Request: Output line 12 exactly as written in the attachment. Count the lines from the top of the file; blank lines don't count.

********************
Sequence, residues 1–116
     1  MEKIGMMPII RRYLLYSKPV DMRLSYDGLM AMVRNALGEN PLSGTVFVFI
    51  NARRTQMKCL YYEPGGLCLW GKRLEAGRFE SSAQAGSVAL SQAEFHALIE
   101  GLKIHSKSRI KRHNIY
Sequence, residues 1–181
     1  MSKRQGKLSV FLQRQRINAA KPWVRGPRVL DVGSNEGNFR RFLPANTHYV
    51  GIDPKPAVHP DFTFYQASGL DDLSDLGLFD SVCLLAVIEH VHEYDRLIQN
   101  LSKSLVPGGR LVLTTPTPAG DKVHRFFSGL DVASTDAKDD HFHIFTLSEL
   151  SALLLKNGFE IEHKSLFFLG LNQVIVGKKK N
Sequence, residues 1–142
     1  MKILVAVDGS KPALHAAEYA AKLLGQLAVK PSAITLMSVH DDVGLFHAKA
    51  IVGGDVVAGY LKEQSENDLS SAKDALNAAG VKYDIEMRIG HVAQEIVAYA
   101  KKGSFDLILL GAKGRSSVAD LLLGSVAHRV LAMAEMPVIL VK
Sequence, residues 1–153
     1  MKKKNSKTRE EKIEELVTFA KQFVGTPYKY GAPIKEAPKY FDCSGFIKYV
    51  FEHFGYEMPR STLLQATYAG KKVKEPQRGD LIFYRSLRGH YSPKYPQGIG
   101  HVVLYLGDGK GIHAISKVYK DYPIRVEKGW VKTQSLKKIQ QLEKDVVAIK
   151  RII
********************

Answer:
    51  IVGGDVVAGY LKEQSENDLS SAKDALNAAG VKYDIEMRIG HVAQEIVAYA